Amsterdam concert goers enjoy the warm acoustic of the Concertgebouw, a hall where music has been performed since 1888. There are two halls, the large hall, seating just 2200, is shaped like a shoe box with a flat floor and small galleries at the sides and back, so quite unlike the fan shape of more recent concert halls.

You might think the acoustics would be dreadful but quite the opposite: at this evening's concert, we could hear clearly and separately the four voices of the Hilliard Ensemble and had plenty of volume from the Netherlands Chamber Orchestra. Both benefited from the generous and forgiving reverberant acoustic from the numerous arches and curved surfaces which make up the attractive decoration. Amsterdam’s trams run close by two sides of the building on major roads but are inaudible.

"Nikolić meets Hilliard" was an interesting programme idea, contrasting almost mystical twentieth century music inspired by the liturgy of the Russian Orthodox Church with three motets from the twelfth century by Guillaume de Mauchaut and book ending more familiar pieces of Beethoven and Mozart.

The Three motets of de Mauchaut must be some of the earliest written music still available to be performed, the eerie and sometimes dissonant harmonies coming down to us through the ages. Strangely ascetic sounds but sumptuous in the luxurious acoustic of the Concertgebouw, appropriate for the sound but socially entirely the opposite of the monastic acoustics in which they were presumably conceived.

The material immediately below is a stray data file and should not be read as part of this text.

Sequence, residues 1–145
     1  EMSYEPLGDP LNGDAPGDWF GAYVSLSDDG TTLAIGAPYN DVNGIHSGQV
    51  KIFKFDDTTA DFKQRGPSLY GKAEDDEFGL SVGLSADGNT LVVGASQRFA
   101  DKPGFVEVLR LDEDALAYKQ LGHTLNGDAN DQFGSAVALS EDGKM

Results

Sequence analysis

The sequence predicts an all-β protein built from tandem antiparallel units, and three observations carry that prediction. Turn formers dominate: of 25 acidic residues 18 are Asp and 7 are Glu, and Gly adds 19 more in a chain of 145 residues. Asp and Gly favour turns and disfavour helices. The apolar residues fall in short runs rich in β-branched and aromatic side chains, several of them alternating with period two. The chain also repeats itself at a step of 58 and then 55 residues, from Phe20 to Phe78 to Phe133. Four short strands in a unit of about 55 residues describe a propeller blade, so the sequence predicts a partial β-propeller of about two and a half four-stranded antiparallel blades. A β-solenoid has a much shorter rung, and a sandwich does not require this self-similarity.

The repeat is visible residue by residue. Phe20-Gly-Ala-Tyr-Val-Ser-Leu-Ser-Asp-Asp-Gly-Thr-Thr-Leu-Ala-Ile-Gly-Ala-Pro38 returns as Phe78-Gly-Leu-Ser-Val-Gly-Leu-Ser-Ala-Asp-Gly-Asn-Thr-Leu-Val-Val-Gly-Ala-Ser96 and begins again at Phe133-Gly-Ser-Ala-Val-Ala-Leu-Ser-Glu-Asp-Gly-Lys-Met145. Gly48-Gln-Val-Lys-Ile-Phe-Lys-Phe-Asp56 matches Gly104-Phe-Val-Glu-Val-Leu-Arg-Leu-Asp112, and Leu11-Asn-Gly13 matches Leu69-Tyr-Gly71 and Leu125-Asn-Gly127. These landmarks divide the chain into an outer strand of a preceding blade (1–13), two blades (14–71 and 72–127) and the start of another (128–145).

I found Gordan Nikolić’s performance of the Beethoven Violin Romance ponderous, the turgid side of sentimental.

Mozart's G minor Symphony as a racy finale seems at first sight unlikely but that was the final surprise of this programme and it took us up and swept us away. The Netherlands Chamber Orchestra played with style, fast and accurately. The first movement exposition was first played looking backwards, as sturm und dram with the repeat observed but played looking forward to the style of Beethoven and Schubert. The slow movement was dynamic and gripping with its adagio tension. The dances were elegant symphonic dances, not peasant stomps. The finale exposition was first played fast and then repeated, faster.
In this case, the standing ovation was merited - I'm told they are frequent at the Amsterdam Concert Gebouw. The programme did seem a bit short but the pre-concert coffee and interval drinks and programme were included in the ticket price.

I'd love to go again to the Amsterdam Concertgebouw and hear a full orchestral programme in that acoustic, which must be how London's Henry Wood Hall sounded like before it was demolished to make way for office buildings.
Beethoven - Violin romance in F, op. 50
Raskatov - Obikhod
De Machaut - Three Motets (Tu qui gregem, Qui plus aimne, Felix Virgo)
Mozart - Symphony No 40 in G mino , KV 550

Nederlands Kamerorkest
The Hilliard Ensemble
Krystof Maratka - directing
Gordan Nikolić - violin